Washington Lawyer - September 2019 - 48

LAST WORD

Editors' Note: To honor the memory of Jacob
Stein, Washington Lawyer is reprinting some
of Stein's "Legal Spectator" columns, which
appeared on this page for nearly 25 years.

LEGAL SPECTATOR

By Jake Stein

THE CASE OF THE
WOULD-BE LAWYER
I

often think how easy it would be to enter the legal profession through a back
door by just showing up in court with a client. Practicing law does not require
the special talents that other professions do. One cannot very well be a musical
impostor or a fake structural engineer. But someone who wants to be a lawyer
can make a reasonable showing in court by using his wits and the legal platitudes
picked up from a Grisham or Turow movie.
I assume that at any given time a number of would-be lawyers are appearing in
court as duly licensed advocates. In times past I met two such people, one who
got caught and the other who did not. The one who got caught had an appropriately formidable name for a legal impostor: Daniel Jackson Oliver Wendel Holmes
Morgan. He was an ex-convict practicing in the District of Columbia in the 1960s
under the name L. A. Harris. The facts appear in summary in Morgan v. United
States, 114 U.S. App. D.C. 13, 309 F.2d 234 (1962), affirming Morgan's conviction on
13 counts of forgery, perjury, and fraud. The opinion says that for some 14 months,
Morgan falsely held himself out to be attorney Lawrence Archie Harris, a bona fide
member of the District of Columbia Bar. The real Harris resided in California.
Morgan, as Harris, made numerous appearances in the local courts representing
defendants in criminal cases.
Among the issues submitted on appeal by Morgan/Harris after his conviction was
his contention that although he was mentally competent to stand trial, he was
legally incompetent to act as his own chief counsel. Although the court rejected
the argument, it shows that Morgan/Harris still had the touch.
I met Harris in the days when he was trying serious criminal cases. He was gaunt,
dressed in black, with a strikingly erect posture. His abrupt, exaggerated movements attracted attention. He had the intensity of a lawyer inflamed with warm
zeal for his clients' needs and with a zest for the law well beyond that of the legitimate members of the profession.
I had a number of conversations with Harris. We spoke as lawyers do in the corridors of the courthouse about such things as the wisdom of putting the defendant on the stand in a criminal case and the unpredictability of clients who do
take the stand.
In time I heard rumors about Harris. The gossip was that he had never attended
law school and that he had done jail time. I heard that a prominent member of
the criminal defense bar knew the real L. A. Harris and knew of Morgan's using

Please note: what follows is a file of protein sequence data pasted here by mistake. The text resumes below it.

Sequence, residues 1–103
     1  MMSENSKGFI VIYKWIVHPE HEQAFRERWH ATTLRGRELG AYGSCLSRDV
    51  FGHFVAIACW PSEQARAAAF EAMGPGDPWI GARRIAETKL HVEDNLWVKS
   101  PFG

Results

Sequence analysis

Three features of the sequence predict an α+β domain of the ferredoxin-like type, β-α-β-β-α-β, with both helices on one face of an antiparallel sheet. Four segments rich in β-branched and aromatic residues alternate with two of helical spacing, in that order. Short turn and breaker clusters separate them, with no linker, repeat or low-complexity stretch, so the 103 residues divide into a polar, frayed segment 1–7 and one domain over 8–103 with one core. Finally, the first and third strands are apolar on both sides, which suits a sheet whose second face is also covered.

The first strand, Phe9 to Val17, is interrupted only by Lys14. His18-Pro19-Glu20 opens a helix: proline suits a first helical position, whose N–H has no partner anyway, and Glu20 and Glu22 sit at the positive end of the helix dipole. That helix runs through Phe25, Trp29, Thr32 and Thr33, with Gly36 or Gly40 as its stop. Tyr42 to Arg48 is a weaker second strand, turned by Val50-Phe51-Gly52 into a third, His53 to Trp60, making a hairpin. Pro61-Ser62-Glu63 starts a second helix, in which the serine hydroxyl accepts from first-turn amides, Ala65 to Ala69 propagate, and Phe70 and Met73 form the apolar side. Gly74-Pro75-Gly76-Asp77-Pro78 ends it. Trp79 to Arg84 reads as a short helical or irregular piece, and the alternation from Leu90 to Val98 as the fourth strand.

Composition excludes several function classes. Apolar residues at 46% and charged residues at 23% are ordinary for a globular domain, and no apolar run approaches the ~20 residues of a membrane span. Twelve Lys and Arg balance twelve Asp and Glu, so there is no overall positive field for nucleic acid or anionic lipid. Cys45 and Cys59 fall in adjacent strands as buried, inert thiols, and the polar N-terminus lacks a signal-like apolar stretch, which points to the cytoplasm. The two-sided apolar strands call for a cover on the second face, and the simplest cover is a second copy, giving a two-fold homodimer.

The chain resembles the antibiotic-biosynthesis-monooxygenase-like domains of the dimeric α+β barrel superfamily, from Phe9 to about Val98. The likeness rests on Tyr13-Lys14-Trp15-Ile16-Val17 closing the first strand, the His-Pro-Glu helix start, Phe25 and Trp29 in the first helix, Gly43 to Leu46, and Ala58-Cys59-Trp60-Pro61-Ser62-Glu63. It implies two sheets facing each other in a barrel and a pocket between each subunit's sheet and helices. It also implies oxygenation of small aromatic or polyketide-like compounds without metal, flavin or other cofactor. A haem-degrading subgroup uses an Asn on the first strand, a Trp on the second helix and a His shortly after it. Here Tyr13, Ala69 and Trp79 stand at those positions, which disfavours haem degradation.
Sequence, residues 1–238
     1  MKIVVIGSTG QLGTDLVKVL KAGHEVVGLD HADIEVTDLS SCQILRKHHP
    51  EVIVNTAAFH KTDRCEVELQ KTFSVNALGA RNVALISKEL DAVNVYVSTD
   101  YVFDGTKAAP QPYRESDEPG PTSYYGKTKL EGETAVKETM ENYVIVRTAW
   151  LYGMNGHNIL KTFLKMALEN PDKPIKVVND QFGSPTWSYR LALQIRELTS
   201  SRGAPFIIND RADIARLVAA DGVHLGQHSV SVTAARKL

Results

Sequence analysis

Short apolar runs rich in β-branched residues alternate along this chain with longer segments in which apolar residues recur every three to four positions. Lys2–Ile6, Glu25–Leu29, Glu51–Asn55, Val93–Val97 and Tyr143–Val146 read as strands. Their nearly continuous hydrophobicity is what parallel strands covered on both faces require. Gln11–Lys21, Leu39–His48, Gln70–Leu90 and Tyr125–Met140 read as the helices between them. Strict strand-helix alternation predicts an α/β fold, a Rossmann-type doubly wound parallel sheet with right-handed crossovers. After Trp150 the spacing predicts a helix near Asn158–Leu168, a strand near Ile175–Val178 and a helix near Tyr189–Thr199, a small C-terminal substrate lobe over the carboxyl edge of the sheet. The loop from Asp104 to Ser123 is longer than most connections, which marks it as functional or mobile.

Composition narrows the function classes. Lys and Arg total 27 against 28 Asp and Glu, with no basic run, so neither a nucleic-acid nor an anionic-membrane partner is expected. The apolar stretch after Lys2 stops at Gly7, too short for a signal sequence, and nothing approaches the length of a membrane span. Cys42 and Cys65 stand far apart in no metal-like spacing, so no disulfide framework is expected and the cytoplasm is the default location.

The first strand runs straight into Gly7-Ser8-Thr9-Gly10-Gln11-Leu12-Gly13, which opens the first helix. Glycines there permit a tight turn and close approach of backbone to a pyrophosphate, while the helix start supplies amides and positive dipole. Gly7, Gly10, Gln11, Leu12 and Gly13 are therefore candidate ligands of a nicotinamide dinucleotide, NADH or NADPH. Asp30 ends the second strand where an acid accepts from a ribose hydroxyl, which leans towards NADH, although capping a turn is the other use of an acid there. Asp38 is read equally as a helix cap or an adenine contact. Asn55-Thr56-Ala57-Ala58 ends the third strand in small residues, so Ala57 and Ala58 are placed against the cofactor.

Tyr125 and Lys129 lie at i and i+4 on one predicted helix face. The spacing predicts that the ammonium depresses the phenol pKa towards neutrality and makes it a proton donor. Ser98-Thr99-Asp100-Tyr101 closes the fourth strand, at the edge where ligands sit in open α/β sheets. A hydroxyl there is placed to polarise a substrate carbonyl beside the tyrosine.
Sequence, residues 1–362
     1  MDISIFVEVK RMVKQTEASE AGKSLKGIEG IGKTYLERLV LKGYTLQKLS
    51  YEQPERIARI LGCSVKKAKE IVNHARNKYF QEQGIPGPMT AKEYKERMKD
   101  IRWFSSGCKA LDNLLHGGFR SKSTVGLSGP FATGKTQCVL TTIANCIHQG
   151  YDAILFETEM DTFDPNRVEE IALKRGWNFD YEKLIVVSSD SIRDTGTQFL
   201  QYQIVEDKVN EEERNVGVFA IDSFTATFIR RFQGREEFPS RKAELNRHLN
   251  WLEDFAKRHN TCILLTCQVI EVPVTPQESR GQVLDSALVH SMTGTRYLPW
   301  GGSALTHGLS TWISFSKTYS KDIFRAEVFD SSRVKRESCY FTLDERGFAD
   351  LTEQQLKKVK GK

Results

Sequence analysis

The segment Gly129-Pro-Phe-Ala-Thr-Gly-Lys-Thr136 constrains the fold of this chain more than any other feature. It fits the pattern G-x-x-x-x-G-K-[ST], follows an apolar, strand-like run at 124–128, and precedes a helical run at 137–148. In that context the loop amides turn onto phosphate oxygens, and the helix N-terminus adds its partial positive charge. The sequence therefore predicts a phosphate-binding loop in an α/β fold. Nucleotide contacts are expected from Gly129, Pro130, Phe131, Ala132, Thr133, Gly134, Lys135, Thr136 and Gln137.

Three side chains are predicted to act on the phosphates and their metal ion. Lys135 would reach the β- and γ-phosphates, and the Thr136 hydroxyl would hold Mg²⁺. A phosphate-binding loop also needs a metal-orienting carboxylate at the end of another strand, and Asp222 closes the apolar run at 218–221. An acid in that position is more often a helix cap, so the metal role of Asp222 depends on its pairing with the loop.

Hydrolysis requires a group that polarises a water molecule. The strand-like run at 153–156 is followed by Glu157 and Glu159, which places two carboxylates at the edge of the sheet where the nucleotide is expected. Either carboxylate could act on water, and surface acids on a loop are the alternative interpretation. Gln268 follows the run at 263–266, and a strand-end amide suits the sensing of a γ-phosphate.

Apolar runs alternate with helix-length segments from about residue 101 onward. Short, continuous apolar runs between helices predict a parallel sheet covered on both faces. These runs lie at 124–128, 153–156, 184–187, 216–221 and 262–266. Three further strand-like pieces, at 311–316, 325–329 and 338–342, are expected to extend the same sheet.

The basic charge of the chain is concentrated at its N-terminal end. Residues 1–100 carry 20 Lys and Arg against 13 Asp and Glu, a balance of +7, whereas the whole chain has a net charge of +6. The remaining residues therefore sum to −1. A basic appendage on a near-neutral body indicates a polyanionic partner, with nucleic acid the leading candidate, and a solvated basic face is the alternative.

Harris's identity. Then I heard that a prominent member of the bar had his Cadillac
parked on 5th Street across the street from the courthouse and that Harris
collided with the Cadillac, causing property damage. Harris carried no insurance.
He defiantly refused to pay for the repairs. The prominent lawyer threatened to
expose Morgan/Harris. He still refused to pay the property damage. A mistake.

48 WASHINGTON LAWYER

*

SEPTEMBER 2019

*

The story goes that the prominent lawyer dropped a hint to certain people in
authority. The indictment, prosecution, and conviction followed.
How did Morgan/Harris define himself to himself? Was he saying that he had a
gift for trying cases that he must test in court? Was he saying that he, without a
formal education, was the match for those with years of academic training? Was
he retaliating against the system? When he made an objection that was sustained by the court, when he obtained an acquittal (as he sometimes did), was his
sense of accomplishment augmented by the thrill of the danger of getting
caught?
There are surprisingly few decisions dealing directly with the question of whether
a conviction must be upset when the defendant was unknowingly represented
by a person disqualified from the practice of law. Our Court of Appeals decided in
Harrison v. United States, 359 F.2d 214 (D.C. Cir. 1965), that the trial in which Harris
represented a client in a first-degree murder case must be upset. New counsel for
the defendant refused to move the District Court for a new trial. Counsel's theory
was that by moving for a new trial, counsel would be waiving the defense of
double jeopardy. When counsel failed to act, the trial court vacated the judgment
of conviction and overruled the double jeopardy defense. The case was retried